IMG_3190Before arriving at the complex you pass through Geumwolbong Peak which sits opposite Mt. Dangdusan. This is known as “Little Mt. Geumgangsan” due to its resemblance to the 12,000 peaks of Mt. Geumgandsan.  Legend has it that all your dreams will come true just by looking at the mountain. Whilst a fantastic natural creation the Koreans have spoiled the experience by creating an ugly visitor centre and recreation stop immediately adjacent to the peak. There is also no walkway or staircase to take in the view from the top. Passing along the road you come to the site of the KBS Drama Set and a Mountain Training Centre.  After stopping to take some panoramic shots we stopped for lunch at the Cheongpungho Tourist Hotel which had the ubiquitous irritating, screaming kid on tap, dressed as its mothers mini-me in a hanbok.  We chose the Cod soup but didn’t envisage that the cod would not be fresh or frozen but dried to resemble inedible rubber. The soup itself was spicy and tasty but please embed this seed in your head, never eat cod soup in SK! The views from the restaurant were magnificent giving a panorama of Cheonpungho Lake, Mt. Bibongsan, Mt. Daedeoksan and the Bungy Jumping facilities. After lunch and managing to avoid infanticide we passed another tourist attraction Cheonpung Land. Beyond here is the local ferry station, resembling the poor relation of a snail before finally crossing over the impressive Cheongpung Suspension Bridge to reach the culture park.

On arrival were offered a tour of the centre (park) by a local volunteer guide. I was unenthusiastic at first as I prefer to take adopt the role of a flaneur when visiting historic sites but on this occasion it proved a pleasant experience. He explained that Yeolliji and Yeollimok trees are famous here and if two trees grow in close proximity for a long time; they grow together, which is called ‘Yeolli.’ Because the two trees are united into one, they are often compared to ‘passionate love’ (widely known as a ‘Love Tree’). These trees are called either ‘Yeolliji’ (branches are connected) or ‘Yeollimok’ (trunks are connected). The former is far rarer than the latter but there is an example of the former within the complex grounds. The heritage complex has a variety of cultural heritage buildings and artifacts that were collected from the region before it was flooded in 1985 during the construction of Chungjuho Lake. Here, visitors can see Hanbyeokru Pavilion, Seokjo Yeoraeipsang Buddha, Paryeongru Pavilion, Geumanmru Pavilion, Geumbyeongheon Hall, Eungcheonggak Pavilion and the Cheongpung Confucian School as well as nearly 2,000 household artifacts. At the highest point sits a walled citadel and a pavilion that affords amazing views of the upper reaches of the Namhangang River. It is time for another odd observation about Korean behavior at historic sites, why do they (lets ignore the daft finger salute) chose the worst background possible when taking snaps?  My theory is that they do not want the background to detract from their own immeasurable beauty! Any other theories?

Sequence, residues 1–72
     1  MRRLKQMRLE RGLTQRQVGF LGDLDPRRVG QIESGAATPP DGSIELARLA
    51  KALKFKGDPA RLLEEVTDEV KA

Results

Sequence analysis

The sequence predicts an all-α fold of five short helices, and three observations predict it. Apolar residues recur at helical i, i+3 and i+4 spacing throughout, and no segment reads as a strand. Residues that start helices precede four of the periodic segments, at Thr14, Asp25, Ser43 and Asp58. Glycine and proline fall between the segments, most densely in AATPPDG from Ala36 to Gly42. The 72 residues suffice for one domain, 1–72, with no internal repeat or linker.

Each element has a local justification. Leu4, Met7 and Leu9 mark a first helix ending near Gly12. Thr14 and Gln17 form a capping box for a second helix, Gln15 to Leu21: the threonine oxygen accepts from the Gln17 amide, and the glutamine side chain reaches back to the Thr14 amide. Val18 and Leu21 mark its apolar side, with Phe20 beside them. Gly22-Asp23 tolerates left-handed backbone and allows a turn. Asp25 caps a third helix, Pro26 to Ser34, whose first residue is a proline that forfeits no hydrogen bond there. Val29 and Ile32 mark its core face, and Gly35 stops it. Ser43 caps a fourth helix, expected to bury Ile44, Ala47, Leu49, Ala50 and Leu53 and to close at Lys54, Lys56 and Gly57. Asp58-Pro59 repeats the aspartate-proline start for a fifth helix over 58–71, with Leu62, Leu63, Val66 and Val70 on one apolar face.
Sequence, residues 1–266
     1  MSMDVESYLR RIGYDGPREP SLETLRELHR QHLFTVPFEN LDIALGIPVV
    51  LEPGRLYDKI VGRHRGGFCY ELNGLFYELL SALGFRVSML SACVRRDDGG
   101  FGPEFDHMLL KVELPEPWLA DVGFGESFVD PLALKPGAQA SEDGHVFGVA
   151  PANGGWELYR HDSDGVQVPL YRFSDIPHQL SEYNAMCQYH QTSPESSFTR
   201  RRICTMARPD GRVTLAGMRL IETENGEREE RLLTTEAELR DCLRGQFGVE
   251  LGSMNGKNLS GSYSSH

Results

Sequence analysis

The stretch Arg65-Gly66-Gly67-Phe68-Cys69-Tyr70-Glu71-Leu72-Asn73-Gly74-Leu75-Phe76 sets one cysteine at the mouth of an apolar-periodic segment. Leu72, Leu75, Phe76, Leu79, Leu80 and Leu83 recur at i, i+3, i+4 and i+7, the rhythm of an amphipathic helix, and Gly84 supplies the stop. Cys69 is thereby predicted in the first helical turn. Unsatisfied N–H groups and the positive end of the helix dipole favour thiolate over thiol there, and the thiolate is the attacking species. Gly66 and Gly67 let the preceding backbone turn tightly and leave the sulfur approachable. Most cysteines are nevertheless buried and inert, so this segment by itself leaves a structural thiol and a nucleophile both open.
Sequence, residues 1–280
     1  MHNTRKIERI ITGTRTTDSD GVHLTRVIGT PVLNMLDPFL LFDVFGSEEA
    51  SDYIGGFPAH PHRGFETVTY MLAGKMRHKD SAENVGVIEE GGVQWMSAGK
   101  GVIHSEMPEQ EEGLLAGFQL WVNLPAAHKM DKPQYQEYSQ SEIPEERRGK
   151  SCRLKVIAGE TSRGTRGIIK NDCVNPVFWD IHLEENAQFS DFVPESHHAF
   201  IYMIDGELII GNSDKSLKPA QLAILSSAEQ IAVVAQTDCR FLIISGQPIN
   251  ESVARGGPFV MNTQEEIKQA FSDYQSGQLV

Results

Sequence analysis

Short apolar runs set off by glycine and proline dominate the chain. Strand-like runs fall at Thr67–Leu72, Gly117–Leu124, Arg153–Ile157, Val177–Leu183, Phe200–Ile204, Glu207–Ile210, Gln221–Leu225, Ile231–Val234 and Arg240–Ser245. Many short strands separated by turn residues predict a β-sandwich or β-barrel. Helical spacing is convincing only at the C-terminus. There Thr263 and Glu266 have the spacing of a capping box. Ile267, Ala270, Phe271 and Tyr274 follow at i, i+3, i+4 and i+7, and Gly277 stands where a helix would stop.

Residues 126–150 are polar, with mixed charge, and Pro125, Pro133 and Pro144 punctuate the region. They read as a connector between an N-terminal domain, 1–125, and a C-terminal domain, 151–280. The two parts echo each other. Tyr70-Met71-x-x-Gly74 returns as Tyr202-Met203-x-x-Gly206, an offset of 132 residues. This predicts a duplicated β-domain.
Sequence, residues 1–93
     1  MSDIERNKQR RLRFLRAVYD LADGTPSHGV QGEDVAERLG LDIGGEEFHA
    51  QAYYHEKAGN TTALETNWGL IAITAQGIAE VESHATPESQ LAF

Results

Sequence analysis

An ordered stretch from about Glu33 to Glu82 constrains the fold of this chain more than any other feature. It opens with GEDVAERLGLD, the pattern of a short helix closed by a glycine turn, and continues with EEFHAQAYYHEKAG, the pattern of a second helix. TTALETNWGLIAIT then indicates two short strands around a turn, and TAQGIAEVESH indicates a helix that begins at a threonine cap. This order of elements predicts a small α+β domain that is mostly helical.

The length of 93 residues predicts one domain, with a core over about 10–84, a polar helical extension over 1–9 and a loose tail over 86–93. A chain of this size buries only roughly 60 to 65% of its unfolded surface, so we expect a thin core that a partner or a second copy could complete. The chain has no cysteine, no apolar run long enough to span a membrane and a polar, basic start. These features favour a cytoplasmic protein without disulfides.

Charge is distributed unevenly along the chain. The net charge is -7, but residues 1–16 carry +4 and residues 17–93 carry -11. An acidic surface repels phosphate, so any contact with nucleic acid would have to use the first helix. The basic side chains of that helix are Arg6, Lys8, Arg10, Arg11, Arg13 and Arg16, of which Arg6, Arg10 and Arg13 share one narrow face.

Apparently (a good reason to return) beginning in mid-April, the Cheongpung Cherry Blossom Festival is held in the area.  This area also has a further adventure attraction which is Cheongpungho Paragliding Park which is accessed by funicular railway from the foot of Mt. Bibongsan.

We asked our Passport Tou which was the quickest way home; it was off course to double back on ourselves.  We could have chosen to follow the scenic route back skirting the lake, via Susan and Woraksan to Chungju but this would have taken much longer.  I banked this drive for a next autumn when once again the leaves are turning. Heading back we stopped at another temple which looked magnificent sat against a mountain backdrop and fronted by a pagoda sitting perilously on a finger of rock.  On arrival I judged it to be disappointing but the setting beautiful.

Returning back to Chungju-si in just more than an hour we took a nap and then enjoyed a Korean barbecue in the newly discovered part of town. In conclusion a great weekend; thank you SK and FOBY’s Taxi.